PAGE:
Defect van de Maand

October, 2020
Flying Bug
This summer in Western Pennsylvania we have had to contend with mosquitos, flies, bees, hornets, and now these flying bugs. The bug-like inclusion shown here is a common crystalline devitrification stone called Beta Wollastonite. Wollastonite is composed of calcium silicate and will form in cooler areas of the furnace and forehearth. It typically crystallizes into large prisms that produce vivid retardation colors in polarized light. These types of stones will not melt in molten glass and thus the cullet containing these stones should not be re-introduced into the batch.
September, 2020
This sea green stone actually started as a grass-green colorant. Chromic oxide, is a batch additive used to make green glass. It can form inclusions due to insufficient melting or mixing. Excessive moisture or humidity may have caused it to agglomerate. Chromic oxide stones are difficult to melt and therefore should not be returned to the cullet supply.
August, 2020
Nazca Desert Drawings
In the Kingdom of the Crystal Skull, Indiana Jones used (real) giant desert drawings to locate the (fictional) city of Akator. The unusual markings at the fracture origin shown here bear an eerie resemblance to the drawings created by the Nazcas, and are similarly shrouded in mystery. This particular origin was found at the inside knuckle of a glass container along with embedded material. Elemental analysis showed that the metal particulate was composed primarily of nickel and iron, likely caused by degradation of the plunger.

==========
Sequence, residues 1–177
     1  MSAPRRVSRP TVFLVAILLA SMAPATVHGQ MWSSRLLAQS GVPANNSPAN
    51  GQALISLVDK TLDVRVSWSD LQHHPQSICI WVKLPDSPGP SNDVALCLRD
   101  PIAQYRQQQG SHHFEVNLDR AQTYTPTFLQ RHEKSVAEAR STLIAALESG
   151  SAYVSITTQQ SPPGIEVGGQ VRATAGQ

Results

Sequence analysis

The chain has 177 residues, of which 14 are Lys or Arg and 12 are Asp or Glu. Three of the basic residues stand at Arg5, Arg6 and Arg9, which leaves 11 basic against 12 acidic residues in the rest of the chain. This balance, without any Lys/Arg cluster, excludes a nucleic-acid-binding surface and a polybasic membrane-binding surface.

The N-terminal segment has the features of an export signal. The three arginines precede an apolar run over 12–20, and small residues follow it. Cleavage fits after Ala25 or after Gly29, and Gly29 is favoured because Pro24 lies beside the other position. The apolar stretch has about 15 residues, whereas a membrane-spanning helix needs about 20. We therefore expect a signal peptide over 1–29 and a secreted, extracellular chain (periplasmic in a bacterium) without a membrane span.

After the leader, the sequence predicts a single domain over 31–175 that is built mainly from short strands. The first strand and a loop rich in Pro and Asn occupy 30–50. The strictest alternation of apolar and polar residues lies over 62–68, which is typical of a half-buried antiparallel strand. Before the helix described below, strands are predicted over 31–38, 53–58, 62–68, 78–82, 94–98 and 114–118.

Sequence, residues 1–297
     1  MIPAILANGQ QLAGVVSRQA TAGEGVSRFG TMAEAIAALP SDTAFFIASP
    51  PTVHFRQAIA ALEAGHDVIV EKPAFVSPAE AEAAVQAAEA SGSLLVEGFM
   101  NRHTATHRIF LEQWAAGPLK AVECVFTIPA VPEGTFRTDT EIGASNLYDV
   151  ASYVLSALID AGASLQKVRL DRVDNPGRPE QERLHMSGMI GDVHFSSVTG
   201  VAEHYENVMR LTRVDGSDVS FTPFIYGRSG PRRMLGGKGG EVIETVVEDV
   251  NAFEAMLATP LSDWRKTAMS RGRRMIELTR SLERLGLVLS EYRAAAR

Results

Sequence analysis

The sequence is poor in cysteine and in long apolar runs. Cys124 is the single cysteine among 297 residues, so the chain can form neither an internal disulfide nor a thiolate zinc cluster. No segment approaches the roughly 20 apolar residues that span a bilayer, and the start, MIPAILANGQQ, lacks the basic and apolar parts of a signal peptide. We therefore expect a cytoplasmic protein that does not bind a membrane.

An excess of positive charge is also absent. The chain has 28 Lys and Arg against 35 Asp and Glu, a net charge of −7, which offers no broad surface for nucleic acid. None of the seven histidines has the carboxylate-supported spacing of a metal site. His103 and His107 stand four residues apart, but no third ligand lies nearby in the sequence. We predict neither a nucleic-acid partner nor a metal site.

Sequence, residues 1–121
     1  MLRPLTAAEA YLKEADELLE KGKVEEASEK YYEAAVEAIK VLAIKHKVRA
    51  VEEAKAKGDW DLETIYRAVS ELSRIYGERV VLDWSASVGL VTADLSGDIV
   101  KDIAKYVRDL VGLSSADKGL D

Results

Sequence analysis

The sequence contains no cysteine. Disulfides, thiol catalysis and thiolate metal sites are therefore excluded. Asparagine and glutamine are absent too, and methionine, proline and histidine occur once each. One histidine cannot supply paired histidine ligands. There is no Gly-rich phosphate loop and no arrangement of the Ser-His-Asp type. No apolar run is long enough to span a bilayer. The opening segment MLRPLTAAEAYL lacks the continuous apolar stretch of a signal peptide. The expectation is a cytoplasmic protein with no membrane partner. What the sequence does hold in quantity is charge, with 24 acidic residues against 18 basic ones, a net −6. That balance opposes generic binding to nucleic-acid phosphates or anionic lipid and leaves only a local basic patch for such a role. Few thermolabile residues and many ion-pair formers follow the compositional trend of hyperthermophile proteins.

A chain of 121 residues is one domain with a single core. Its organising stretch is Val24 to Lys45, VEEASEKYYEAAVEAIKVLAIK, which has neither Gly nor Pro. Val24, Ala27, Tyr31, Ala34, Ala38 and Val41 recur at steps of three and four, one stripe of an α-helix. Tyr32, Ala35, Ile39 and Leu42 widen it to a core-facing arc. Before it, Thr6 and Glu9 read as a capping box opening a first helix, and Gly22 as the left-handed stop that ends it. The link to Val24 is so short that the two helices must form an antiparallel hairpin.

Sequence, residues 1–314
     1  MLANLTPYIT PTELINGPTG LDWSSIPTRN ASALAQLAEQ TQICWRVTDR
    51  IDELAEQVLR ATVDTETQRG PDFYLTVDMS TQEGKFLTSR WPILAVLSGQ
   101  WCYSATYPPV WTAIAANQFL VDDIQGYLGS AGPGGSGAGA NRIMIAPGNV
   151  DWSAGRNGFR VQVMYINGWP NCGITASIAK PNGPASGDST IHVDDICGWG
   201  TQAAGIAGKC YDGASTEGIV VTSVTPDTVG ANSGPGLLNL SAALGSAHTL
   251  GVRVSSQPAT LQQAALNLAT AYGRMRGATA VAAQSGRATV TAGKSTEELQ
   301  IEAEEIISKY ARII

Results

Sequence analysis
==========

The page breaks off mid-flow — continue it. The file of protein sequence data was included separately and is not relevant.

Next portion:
July, 2020
Bottle Opener
This crescent-shaped fracture typically occurs on bottles with a crown closure. Bottles broken during opening usually have a C-shaped fragment missing from the locking ring. This fracture pattern is usually caused when the consumer accidentally makes contact with the underside of the locking ring of the bottle with an opener rather than engaging just the cap.
June, 2020
Finish Line
This photomicrograph shows a top-down view of the sealing surface on a bottle. Three percussion cone flaws can be seen, of which one has extended into a crack across the finish. These percussion cones were caused by downward-directed impacts from a blunt object with a relatively small radius.